By Katie Leung
Maybe it’s the dim sum or maybe it’s the hustle and bustle that dominates the streets as locals carry home their grocery bargains from the lively markets – the atmosphere of Chinatown is undeniable. Yet today, the life that once existed in the Chinatown community has been swiftly extinguished by the tightening reins of the pandemic. The Chinatown community has been disproportionately impacted by the pandemic, evidenced in early June when 63% of New York City’s restaurants reopened relative to the mere 46% reopened in Chinatown.
One central reason for this unequal impact on Chinatown compared to other New York City businesses is that the former have been struggling to acquire additional funding necessary to support operations. Many Chinatown businesses are minority-owned micro-businesses that were rejected from government loan support as an indirect result of language barriers. Formed by an influx of Chinese immigrants in the nineteenth century, Chinatown remains run by many small-business owners who face difficulties with English. Though presumably improved since then, the 2000 New York City census indicated that a high 48.7% of the Chinatown population struggled with English. The persistence of this challenge resulted in costly delays with respect to petitions for additional funding; by the time that the respective paperwork was prepared, the extent of available funding had been dramatically reduced. New York Assembly-member, Yuh-Line Niou, also recognizes this linguistic issue. “Folks don’t realize, we have so many different languages being spoken in Chinatown, and it’s important that we provide services that are accessible to everyone.” In addition, loopholes in the Paycheck Protection Program enabled hotel and restaurant chains with smaller individual locations to procure significant chunks of funding early on, leaving swaths of small business owners stranded without cash inflow.
Chinatown businesses rely heavily on local as well as tourist foot traffic to provide a steady stream of income. Louise Palmer, a PR professional affiliated with Chinatown-focused support organizations, commented that “long term foot traffic is the best, and pretty much only sustainable way to keep these businesses open in the future”. Most small businesses have less than three months of cash in their reserves to sustain operations. From paying for rent and employee expenses, Chinatown businesses were quickly exhausted when their normal methods of cash generation were cut. The concentration of small businesses in the Chinatown community only further amplified the impact on minority entrepreneurs. In September, the City Council of New York passed regulation that allowed dine-in restaurants to tack on up to an additional 10% charge to customers’ orders, a policy intended to support struggling local businesses. However, businesses in Chinatown were again disadvantaged given the historically thin profit margins they have operated on. Restaurant owners have largely opted to eschew these surcharges in order to attract customers looking for cheap meals during the pandemic; for many of these businesses, an additional surcharge could undermine their business model, greatly failing to serve as a buffer and instead reducing demand. With no online presence, Chinatown businesses largely suffer from limited exposure to new customers as they have traditionally thrived on local presence and customer awareness from foot traffic. Stunted revenues have also left many businesses stuck in temporary closure limbo with many concluding in permanent closures. Sales had dropped as much as 85% for some as early as by March 16th, which marked the official ignition of the swift decline faced by many of these local cafes and restaurants when operations were beginning to be restricted to take-out and delivery services.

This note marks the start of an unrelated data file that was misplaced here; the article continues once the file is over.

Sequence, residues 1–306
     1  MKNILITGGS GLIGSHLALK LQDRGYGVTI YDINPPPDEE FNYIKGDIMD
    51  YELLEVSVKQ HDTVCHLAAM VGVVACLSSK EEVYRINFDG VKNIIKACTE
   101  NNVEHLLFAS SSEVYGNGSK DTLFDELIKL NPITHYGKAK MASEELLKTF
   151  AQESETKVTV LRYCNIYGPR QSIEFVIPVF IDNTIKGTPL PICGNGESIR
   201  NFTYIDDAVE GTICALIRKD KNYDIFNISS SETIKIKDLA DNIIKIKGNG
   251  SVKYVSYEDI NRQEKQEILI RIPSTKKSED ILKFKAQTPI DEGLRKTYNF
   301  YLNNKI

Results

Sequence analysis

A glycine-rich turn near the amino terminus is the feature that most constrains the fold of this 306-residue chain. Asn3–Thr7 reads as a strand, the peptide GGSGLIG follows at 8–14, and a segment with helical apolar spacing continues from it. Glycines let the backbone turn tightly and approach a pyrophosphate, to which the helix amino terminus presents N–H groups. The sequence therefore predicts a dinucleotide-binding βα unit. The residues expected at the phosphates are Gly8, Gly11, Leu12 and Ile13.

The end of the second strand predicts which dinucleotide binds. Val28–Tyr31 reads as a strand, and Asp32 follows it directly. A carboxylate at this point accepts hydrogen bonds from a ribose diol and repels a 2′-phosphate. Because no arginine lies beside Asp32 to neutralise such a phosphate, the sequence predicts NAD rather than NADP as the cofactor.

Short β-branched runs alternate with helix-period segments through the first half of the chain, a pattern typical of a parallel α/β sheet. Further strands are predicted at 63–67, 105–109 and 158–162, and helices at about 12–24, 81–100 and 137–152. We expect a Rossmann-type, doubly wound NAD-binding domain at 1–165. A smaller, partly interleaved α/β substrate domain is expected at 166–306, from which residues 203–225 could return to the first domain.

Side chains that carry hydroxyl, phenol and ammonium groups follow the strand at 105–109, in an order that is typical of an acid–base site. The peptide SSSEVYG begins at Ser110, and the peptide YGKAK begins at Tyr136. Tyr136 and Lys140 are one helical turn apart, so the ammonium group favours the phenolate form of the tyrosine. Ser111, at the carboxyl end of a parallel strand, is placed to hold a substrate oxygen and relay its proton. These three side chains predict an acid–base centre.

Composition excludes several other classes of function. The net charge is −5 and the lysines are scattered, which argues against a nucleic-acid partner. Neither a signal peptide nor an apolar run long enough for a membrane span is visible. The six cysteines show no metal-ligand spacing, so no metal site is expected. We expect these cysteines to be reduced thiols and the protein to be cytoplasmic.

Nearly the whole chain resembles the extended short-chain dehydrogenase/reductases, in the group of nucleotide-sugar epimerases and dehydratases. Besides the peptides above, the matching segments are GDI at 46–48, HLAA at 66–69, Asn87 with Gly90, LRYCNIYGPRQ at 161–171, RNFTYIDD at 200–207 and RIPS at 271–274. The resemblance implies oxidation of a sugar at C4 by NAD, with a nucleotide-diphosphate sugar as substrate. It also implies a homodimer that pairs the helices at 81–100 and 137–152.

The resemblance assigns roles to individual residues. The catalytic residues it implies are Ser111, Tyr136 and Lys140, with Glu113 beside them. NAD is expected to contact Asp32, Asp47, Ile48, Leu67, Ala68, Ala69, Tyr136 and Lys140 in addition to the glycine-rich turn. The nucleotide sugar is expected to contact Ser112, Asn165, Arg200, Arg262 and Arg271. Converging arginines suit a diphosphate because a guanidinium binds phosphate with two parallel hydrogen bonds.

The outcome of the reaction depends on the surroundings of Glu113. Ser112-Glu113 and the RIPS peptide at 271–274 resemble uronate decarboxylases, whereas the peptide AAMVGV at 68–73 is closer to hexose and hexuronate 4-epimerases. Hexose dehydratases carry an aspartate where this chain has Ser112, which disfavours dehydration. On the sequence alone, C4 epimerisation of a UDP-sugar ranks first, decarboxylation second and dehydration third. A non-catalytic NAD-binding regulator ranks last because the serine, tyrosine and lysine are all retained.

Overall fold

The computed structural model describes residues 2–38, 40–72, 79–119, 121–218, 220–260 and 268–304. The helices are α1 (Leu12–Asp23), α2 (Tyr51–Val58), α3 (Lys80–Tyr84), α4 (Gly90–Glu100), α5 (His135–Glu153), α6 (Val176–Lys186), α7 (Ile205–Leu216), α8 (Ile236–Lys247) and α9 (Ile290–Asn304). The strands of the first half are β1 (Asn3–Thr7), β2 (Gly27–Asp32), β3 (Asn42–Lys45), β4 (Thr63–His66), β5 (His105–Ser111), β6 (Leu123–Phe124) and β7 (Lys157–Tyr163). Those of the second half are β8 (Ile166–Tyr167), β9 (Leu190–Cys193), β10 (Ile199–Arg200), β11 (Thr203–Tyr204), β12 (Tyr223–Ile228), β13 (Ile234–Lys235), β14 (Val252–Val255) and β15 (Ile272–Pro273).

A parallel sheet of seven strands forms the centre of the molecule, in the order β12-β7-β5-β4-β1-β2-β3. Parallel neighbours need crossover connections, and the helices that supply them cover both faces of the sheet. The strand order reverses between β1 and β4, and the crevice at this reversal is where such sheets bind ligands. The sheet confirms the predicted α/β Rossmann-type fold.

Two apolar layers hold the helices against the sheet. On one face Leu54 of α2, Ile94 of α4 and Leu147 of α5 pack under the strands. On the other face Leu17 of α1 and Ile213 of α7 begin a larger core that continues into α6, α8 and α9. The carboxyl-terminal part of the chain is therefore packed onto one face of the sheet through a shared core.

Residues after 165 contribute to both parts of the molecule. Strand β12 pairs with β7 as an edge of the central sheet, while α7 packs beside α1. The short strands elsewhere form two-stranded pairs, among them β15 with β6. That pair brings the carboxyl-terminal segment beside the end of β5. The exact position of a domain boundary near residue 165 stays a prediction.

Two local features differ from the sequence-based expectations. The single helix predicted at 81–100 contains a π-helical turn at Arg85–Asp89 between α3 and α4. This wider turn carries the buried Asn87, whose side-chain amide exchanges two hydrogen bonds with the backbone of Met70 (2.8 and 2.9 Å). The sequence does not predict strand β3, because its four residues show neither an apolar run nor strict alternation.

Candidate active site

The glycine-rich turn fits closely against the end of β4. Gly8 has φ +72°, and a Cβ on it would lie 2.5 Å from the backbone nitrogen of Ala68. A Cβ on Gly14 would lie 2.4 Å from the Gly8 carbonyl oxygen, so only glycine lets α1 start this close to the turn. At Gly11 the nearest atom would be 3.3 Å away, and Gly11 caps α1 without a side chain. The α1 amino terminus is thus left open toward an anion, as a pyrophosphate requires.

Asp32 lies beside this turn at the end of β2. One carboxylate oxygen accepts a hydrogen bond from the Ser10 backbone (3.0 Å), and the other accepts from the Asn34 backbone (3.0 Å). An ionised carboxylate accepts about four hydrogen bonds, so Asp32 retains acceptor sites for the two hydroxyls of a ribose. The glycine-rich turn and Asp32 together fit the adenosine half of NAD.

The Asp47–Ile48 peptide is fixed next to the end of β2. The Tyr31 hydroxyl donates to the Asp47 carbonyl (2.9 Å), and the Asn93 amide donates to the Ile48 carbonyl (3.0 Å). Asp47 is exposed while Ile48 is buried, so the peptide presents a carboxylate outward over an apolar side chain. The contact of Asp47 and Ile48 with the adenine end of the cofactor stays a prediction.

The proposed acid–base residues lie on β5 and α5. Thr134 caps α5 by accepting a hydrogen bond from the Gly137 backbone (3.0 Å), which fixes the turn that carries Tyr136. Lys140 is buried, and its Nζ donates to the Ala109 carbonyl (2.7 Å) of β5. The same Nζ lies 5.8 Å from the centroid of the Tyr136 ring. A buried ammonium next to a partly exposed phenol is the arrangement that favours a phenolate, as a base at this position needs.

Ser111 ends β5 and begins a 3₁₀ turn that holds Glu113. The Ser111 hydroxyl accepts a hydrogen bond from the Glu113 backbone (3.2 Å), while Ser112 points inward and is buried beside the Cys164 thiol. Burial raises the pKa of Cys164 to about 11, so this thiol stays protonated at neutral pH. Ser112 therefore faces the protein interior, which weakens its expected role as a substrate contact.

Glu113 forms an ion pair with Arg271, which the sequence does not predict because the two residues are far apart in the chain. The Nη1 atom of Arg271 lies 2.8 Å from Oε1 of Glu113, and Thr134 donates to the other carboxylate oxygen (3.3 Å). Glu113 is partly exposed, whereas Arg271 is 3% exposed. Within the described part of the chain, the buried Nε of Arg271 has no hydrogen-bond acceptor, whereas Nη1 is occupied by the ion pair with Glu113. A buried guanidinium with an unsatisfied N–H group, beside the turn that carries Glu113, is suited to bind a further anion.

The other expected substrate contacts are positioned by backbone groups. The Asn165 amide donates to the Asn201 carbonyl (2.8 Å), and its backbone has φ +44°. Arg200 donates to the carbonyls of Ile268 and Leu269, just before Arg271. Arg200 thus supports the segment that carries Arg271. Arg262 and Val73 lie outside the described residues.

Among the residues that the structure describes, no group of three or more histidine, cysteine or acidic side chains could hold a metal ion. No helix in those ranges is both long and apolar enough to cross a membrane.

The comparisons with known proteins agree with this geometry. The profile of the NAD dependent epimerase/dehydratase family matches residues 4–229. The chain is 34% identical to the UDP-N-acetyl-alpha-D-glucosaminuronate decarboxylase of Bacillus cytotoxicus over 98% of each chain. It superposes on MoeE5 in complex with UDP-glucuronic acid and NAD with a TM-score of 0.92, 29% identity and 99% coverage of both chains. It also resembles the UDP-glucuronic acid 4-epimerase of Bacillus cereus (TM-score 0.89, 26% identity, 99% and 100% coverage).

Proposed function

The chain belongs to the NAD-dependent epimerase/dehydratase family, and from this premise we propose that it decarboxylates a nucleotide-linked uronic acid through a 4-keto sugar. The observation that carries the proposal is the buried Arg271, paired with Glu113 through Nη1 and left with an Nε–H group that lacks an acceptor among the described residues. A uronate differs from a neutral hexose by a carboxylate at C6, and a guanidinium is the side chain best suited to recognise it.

Culture has played a significant role in the severe decline that many Chinese-run mom-and-pop shops are facing as well. Within Chinese culture, asking for help has been stigmatized amongst traditionally minded immigrants who insist on building their business from the ground up independently. While nonprofits offered assistance at the onset of the pandemic, they were met with skepticism and reluctance from business owners, which complicated support efforts. In stark contrast to the willingness of American businesses to willfully accept additional funding, Chinese culture espouses a fiercely independent resistance to external assistance, one which may exacerbate declining profits and store closures.
Though beloved shops in Chinatown are facing more struggles than other neighborhoods, a multitude of volunteers have banded together to revive the community. Send Chinatown Love, a non-profit formed during COVID, has organized a highly successful food crawl to promote businesses that lack a digital presence. On the funding side, Welcome to Chinatown was able to raise $245,000 for the vulnerable businesses within the community and the Chinatown Partnership can be credited for building outdoor dining that boosted top and bottom line for shops.
Help isn’t limited to organizations though. The next time you want to order food from Chinatown, consider picking it up in person so that restaurants can save paying deliverers markups from your order. Instead of whipping out your credit card, pay for your order in cash so businesses can take home the portion of fees that are normally given to credit card companies. There are plenty of ways in which you can empower this vibrant, culturally rich neighborhood to sustain itself through the difficulties of the pandemic. However, without a strong and focused approach to lifting these businesses out of such complex and unique problems, the iconic storefronts of Chinatown may only be able live on in New Yorkers’ fond memories.